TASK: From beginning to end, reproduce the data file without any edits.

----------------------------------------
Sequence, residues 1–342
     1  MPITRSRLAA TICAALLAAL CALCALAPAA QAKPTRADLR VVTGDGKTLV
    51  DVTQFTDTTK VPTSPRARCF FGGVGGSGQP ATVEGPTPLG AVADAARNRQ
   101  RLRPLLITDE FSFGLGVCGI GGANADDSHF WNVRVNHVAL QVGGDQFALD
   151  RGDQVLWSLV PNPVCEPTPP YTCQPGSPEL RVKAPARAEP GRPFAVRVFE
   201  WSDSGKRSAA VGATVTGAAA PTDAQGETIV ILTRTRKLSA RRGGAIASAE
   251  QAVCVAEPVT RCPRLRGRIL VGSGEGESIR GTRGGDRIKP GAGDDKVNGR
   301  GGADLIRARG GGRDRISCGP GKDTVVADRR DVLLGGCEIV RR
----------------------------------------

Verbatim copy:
Sequence, residues 1–342
     1  MPITRSRLAA TICAALLAAL CALCALAPAA QAKPTRADLR VVTGDGKTLV
    51  DVTQFTDTTK VPTSPRARCF FGGVGGSGQP ATVEGPTPLG AVADAARNRQ
   101  RLRPLLITDE FSFGLGVCGI GGANADDSHF WNVRVNHVAL QVGGDQFALD
   151  RGDQVLWSLV PNPVCEPTPP YTCQPGSPEL RVKAPARAEP GRPFAVRVFE
   201  WSDSGKRSAA VGATVTGAAA PTDAQGETIV ILTRTRKLSA RRGGAIASAE
   251  QAVCVAEPVT RCPRLRGRIL VGSGEGESIR GTRGGDRIKP GAGDDKVNGR
   301  GGADLIRARG GGRDRISCGP GKDTVVADRR DVLLGGCEIV RR